Tony Dungy reflects on coaching Marvin Harrison before Hall of Fame enshrinement

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INDIANAPOLIS - OCTOBER 17: Head Coach Tony Dungy congratulates Marvin Harrison #88 of the Indianapolis Colts after a touchdown against the St. Louis Rams during the NFL game at the RCA Dome on October 17, 2005 in Indianapolis, Indiana. This is the touchdown reception 86, an NFL record. (Photo by Andy Lyons/Getty Images)

CANTON, Ohio – At first glance, Tony Dungy sized up Marvin Harrison and, quite frankly, wasn’t exactly floored.

It was early 2002 and Dungy had succeeded Jim Mora as the Indianapolis Colts’ head coach. Harrison was one of the elite players he was inheriting.

At the time, Harrison was a three-time Pro Bowl selection. He was heading into his sixth season and giving absolutely no thought to one day joining his new boss in the Pro Football Hall of Fame.

“I remember the first time I saw him,’’ Dungy said Friday afternoon, smiling. “I said, ‘That’s Marvin Harrison?’’’

Harrison was 6-0 and generously listed at 181, and that probably was after inhaling a handful of his favorite Tastykake snack food.

“I knew he wasn’t a big receiver,’’ Dungy said, “but when I saw him without the pads on I said, ‘Wow, that is unique.’

“Then he just told me he wanted to be coached well. He wanted to work hard. He was very serious about his game.’’

Harrison also was sizing up Dungy, who made a solid first and lasting impression.

“He just laid down the laws of how he wanted his team ran,’’ Harrison said.

Dungy told Harrison, told everyone, he wanted the Colts to be a team-oriented organization. He wanted them to act like men, be accountable. Get it right the first time, every time.

“It was pretty simple,’’ Harrison said. “I was on board with that when he came here. I wanted to win. With his philosophy we obviously won a lot of games in that way.

“It worked out that way.’’

And here they are.

Early Saturday evening at Tom Benson Hall of Fame Stadium, Harrison’s bronze bust will be unveiled. He’ll address the sellout crowd and complete a journey that began when the Colts selected him with the 19th overall pick in the 1996 draft.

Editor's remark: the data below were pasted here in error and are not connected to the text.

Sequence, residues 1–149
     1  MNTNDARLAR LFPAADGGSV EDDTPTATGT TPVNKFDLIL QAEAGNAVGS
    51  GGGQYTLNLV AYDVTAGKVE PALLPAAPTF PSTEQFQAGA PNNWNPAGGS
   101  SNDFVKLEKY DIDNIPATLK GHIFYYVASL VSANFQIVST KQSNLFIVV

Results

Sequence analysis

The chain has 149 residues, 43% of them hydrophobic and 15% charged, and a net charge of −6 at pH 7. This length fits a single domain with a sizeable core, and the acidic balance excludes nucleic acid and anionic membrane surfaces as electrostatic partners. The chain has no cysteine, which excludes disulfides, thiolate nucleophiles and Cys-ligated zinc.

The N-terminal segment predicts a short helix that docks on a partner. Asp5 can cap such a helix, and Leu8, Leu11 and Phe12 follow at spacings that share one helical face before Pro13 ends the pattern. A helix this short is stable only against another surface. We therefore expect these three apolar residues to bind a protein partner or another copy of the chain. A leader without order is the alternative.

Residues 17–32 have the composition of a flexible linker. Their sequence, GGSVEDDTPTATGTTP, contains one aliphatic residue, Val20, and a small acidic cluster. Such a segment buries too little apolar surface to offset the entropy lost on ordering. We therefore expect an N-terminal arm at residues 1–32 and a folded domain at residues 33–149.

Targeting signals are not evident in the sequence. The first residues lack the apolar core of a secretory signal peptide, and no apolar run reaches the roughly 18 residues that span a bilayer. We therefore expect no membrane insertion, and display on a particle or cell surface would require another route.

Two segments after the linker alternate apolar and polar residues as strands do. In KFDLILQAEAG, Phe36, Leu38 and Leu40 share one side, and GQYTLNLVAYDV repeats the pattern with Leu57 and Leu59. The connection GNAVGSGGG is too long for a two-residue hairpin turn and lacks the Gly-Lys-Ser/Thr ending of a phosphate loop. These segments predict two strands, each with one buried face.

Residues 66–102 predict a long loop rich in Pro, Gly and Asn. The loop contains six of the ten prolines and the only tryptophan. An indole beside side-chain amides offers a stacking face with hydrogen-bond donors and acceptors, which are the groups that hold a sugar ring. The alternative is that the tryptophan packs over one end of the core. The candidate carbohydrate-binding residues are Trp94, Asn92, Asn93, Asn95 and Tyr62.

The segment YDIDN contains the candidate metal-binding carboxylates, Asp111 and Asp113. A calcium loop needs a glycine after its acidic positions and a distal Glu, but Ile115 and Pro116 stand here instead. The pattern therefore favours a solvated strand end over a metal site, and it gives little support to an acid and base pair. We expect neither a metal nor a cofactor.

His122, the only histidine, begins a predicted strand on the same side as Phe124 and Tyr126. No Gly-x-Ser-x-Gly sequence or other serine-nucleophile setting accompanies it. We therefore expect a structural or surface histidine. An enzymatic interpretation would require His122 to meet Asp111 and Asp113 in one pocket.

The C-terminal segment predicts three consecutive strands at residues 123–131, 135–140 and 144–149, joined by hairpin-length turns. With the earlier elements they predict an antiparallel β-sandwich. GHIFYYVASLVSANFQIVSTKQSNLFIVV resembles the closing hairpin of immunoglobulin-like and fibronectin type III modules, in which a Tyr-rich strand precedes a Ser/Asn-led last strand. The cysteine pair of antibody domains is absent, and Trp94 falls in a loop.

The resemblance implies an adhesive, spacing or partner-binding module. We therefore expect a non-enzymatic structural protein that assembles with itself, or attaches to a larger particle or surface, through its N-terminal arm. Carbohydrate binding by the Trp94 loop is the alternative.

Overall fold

He’ll be Marvin Harrison, member of the Class of 2016.

A short time later, Dungy will walk a similar path to immortality.

It’s something of a Hall of Fame rarity for two individuals linked to one team – Harrison spent his entire 13 years with the Colts, Dungy was his coach for seven seasons after six years in Tampa – to be enshrined at the same time. It’s reminiscent of the Class of 2009 (Buffalo Bills owner Ralph Wilson Jr. and Bruce Smith) or the Class of 2008 (Washington’s Darrell Green and Art Monk).

But it’s somehow appropriate.

Harrison and Dungy retired after the 2008 season.

Each became eligible for the Hall of Fame as candidates of the Class of 2014.

Each advanced to the Final 15 in his first two years of eligibility.

Each reached the finish line in February.

Each will be wearing a gold jacket Saturday evening as the Pro Football Hall of Fame’s membership swells to 303.

“It’s definitely special,’’ Harrison said. “I was thinking about this an hour ago, how Mr. (Bill) Polian is in there. He’s my general manager. Coach Dungy, he’s my coach and we’re going in together.

“The whole puzzle just came together. It’s great to be part of a special group.’’

As much pride as Dungy takes in being the 24th head coach to be enshrined, he draws more satisfaction from having had a hand in helping those he coached reach Canton. Two of his former Tampa Bay Buccaneers – Derrick Brooks and Warren Sapp – are members of the Class of 2014 and 2013, respectively.

And now, Marvin Harrison.

“This is really special,’’ Dungy said. “Both of us were up the same year. We came in and (were) a little disappointed twice. But to go in together, that’s kind of the ultimate.’’

Dungy played for and coached under Pittsburgh Steelers coach Chuck Noll, whose bust found a home in Canton in 1993.

A young Dungy to Noll: What do you want me to do? What’s my job as a coach?

Noll’s response: Your job is to help your players be the best they can be.

“To know that I had a small part of helping Marvin be the best he can be and be a Hall of Famer, that’s even more satisfying than probably going in yourself,’’ Dungy said.

“I got to watch Derrick Brooks go in, and Warren Sapp and Marvin. And we’ll have four or five more in the next few years. That’s what coaching is all about. It’s really, really special.’’

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